Last Updated on October 21, 2023 by Kelvin Nielsen
The Uniform Residential Landlord & Tenant Act (AS 34.03.010 – 34.03.360) gives landlords certain rights. Among these is the right to evict a tenant for certain legally justified reasons, such as
To begin the process, you must first serve the tenant with an appropriate eviction notice. The Alaska 30-Day Eviction notice is one of them!
According to the Alaska Landlord-Tenant Act, the 30-day notice only applies where the landlord wants to evict a tenant for having no lease or after the expiry of the lease. If evicting a tenant for any other reason, you must use other types of eviction notices.
In this blog, you’ll learn everything you need to learn about the Alaska 30 Day Eviction Notice.
Alaska Landlord Tenant Act 30-Day Eviction Notice
The following are answers to frequently asked questions on the topic.
What is the 30-Day Eviction Notice in Alaska?
Under Alaska law, landlords can evict tenants who don’t have a lease or those who have a lease that has expired. To begin eviction proceedings against the tenant, you must serve them a 30-day eviction notice.
This will give the tenant a maximum of 30 calendar days to move out or else risk getting evicted. If the tenant doesn’t move out within 30 days, you can move to court and file an eviction lawsuit against them.
The court will subsequently issue you with a copy of the Summons and Complaint, which will need to be served on the tenant by a process server or sheriff.
You’ll then need to wait for the tenant to answer. This will give the tenant an opportunity to fight or stop their eviction if they have a legal defense. Examples of legal defenses the tenant may give include the following.
- The eviction is discriminatory.
- The eviction is a retaliatory action.
- The tenant has a valid lease agreement.
- The eviction notice had substantial errors.
Next, both parties will need to attend the eviction hearing. In Alaska, it normally takes 15 days after the filing of a complaint with the court for a hearing to be held. If the judgment is in your favor, the court will issue you with a Writ of Assistance. This will authorize the sheriff to remove the tenant by force (if need be).
How must a landlord write a 30-Day Eviction Notice in Alaska?
For the notice to be effective, you must ensure that it contains all the important information. For starters, you must ensure it mentions the following.
- Names of all adult tenants.
- The rental property’s address.
- Any rent balance that the tenant hasn’t paid and where they must pay it before leaving.
- The date the tenant needs to have moved out of the property.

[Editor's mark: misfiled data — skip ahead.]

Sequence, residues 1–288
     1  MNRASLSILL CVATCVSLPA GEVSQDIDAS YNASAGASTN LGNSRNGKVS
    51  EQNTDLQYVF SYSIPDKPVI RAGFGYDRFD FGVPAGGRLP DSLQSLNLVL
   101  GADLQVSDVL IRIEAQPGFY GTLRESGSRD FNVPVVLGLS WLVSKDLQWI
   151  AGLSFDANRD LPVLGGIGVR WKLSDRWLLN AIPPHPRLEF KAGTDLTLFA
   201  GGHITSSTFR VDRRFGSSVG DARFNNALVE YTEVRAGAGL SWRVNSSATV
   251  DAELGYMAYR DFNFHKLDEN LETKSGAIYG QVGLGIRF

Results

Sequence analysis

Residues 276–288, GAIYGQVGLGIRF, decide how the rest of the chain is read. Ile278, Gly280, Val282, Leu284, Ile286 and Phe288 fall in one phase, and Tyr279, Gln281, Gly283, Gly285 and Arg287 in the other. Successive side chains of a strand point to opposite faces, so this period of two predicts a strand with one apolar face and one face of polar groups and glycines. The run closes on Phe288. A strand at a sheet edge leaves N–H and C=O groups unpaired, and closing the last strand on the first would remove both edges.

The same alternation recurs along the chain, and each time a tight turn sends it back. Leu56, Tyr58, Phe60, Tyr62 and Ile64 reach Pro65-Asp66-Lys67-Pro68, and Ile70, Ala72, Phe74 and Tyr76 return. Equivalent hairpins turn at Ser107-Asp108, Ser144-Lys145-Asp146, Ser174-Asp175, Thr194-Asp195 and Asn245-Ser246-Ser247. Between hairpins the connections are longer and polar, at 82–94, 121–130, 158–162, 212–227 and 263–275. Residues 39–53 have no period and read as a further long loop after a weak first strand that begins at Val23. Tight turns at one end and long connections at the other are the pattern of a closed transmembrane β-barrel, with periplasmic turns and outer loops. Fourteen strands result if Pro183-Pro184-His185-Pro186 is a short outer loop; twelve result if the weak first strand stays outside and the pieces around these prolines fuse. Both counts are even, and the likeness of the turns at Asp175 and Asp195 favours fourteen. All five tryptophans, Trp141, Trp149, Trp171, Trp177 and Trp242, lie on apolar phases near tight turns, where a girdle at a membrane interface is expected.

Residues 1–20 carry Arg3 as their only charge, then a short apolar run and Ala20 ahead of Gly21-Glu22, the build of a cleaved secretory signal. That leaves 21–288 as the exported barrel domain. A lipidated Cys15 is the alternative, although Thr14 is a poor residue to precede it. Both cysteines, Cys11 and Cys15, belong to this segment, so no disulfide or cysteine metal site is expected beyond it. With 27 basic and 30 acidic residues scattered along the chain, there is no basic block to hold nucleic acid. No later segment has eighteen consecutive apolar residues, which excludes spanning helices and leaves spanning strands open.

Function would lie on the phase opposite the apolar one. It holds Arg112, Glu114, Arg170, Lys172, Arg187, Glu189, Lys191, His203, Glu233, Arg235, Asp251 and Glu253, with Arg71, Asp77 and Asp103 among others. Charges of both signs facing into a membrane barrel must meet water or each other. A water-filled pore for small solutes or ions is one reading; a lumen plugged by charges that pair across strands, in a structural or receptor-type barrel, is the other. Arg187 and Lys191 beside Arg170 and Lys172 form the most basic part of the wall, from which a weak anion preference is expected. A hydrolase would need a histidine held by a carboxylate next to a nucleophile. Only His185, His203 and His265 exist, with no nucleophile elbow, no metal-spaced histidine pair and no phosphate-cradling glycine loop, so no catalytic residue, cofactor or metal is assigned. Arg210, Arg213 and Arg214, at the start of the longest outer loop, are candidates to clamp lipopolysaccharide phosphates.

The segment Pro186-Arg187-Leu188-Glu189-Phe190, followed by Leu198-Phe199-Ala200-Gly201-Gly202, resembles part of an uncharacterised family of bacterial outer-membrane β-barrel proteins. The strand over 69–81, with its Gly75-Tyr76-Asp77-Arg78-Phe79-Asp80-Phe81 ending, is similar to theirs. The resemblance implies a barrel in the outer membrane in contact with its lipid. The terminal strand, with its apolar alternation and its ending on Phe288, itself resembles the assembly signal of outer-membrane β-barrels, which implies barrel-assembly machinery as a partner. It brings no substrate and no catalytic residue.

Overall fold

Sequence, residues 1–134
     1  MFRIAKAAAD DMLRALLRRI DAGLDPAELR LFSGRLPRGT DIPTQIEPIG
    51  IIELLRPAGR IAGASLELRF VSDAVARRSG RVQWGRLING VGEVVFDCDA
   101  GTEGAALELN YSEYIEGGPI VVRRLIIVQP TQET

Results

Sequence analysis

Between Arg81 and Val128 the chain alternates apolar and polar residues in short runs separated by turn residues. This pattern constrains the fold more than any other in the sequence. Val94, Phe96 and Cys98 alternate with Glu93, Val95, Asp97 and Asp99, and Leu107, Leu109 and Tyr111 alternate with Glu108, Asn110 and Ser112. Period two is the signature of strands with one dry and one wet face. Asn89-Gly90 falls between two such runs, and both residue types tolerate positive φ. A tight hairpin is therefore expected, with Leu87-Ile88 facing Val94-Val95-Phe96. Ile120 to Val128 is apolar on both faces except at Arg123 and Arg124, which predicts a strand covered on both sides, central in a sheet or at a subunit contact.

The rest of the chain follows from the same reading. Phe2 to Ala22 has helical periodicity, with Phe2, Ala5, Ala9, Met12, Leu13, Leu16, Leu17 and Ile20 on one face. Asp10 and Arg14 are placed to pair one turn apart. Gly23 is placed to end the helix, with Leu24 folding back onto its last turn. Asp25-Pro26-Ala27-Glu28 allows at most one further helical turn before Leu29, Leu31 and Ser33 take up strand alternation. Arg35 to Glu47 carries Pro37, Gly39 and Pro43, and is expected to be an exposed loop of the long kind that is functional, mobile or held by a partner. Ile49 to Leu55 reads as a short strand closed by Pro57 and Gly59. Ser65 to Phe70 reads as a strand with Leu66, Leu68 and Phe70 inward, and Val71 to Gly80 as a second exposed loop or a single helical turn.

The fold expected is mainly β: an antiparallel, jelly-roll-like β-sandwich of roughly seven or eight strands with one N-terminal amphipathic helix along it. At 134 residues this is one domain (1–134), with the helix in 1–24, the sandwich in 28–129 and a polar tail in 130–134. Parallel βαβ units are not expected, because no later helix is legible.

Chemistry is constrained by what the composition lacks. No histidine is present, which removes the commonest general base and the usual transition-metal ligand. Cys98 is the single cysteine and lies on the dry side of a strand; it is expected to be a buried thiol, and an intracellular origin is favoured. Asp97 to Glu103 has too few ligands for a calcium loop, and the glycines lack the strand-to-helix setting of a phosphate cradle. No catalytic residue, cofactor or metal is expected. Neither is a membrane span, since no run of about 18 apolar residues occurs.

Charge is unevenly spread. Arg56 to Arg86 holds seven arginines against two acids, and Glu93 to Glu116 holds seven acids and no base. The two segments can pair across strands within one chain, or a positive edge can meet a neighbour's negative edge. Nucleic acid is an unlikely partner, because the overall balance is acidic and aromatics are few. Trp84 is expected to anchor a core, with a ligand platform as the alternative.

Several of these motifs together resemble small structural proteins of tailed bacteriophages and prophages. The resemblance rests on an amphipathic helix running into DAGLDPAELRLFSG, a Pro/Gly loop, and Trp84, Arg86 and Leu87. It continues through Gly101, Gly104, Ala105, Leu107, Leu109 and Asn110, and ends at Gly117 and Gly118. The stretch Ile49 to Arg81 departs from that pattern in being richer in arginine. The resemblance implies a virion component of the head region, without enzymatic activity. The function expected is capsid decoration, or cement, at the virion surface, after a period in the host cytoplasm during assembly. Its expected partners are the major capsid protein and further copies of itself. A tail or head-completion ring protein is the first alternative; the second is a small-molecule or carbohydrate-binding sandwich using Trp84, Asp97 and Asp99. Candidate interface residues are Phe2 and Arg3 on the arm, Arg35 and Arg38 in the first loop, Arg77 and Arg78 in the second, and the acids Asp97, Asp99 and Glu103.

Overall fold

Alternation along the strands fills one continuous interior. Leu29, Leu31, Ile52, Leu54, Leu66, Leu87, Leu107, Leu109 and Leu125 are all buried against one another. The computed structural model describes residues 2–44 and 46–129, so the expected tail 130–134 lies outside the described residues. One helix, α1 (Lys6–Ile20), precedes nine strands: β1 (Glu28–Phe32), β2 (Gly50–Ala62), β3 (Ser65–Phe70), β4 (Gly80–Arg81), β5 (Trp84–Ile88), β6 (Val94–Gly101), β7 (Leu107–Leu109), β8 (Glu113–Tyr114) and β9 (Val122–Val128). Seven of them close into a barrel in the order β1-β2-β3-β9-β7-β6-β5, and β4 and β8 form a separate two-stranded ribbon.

- The date of serving the notice.
- Your signature.
- Your address and phone number.
How must a landlord serve the 30-Day Eviction Notice in Alaska?
In Alaska, a landlord must serve an eviction notice in any of the following ways.
- Hand delivery to a person of a suitable age. You must then mail another copy to the tenant via certified or registered mail.
- Leave a notice in a conspicuous place. You must then mail another copy to the tenant via certified or registered mail.
How long does it take to evict a tenant in Alaska?
Expect to finish the process anywhere between one and two months. However, it may also take longer depending on a few things. Including, the reason for the eviction and whether the tenant puts up a fight to stop or delay their eviction.
The Alaska Landlord Tenant Act requires landlords to follow a strict tenant eviction process. To evict a tenant who doesn’t have a lease or whose lease has expired, you must serve them a 30-day eviction notice. The next course of action will then depend on whether the tenant vacates the unit or remains on the property.
Disclosure: The content herein isn’t a substitute for advice from a professional attorney. It’s only meant to serve educational purposes. If you have a specific question, kindly seek expert attorney services.
Sources: https://legaltemplates.net/form/eviction-notice/alaska-ak/, https://law.justia.com/, https://www.law.alaska.gov/department/civil/consumer/3403010.html, https://courts.alaska.gov/shc/housing/startevictioncase.htm#:~:text=The%20court%20holds%20an%20eviction,the%20Tenant%20has%20to%20move., AS 34.03.010 – 34.03.360
Hi, I’m Kelvin Nielsen, an experienced landlord and accomplished real estate lawyer. My focus is on answering your questions about renting in the hopes of making your life as a renter or a landlord a bit easier.